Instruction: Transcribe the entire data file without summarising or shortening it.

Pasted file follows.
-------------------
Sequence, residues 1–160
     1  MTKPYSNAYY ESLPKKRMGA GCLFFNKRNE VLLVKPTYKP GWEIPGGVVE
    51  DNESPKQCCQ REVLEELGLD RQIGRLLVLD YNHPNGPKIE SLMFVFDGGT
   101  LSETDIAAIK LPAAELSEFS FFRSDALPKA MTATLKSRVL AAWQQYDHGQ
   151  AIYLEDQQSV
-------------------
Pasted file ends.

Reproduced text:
Sequence, residues 1–160
     1  MTKPYSNAYY ESLPKKRMGA GCLFFNKRNE VLLVKPTYKP GWEIPGGVVE
    51  DNESPKQCCQ REVLEELGLD RQIGRLLVLD YNHPNGPKIE SLMFVFDGGT
   101  LSETDIAAIK LPAAELSEFS FFRSDALPKA MTATLKSRVL AAWQQYDHGQ
   151  AIYLEDQQSV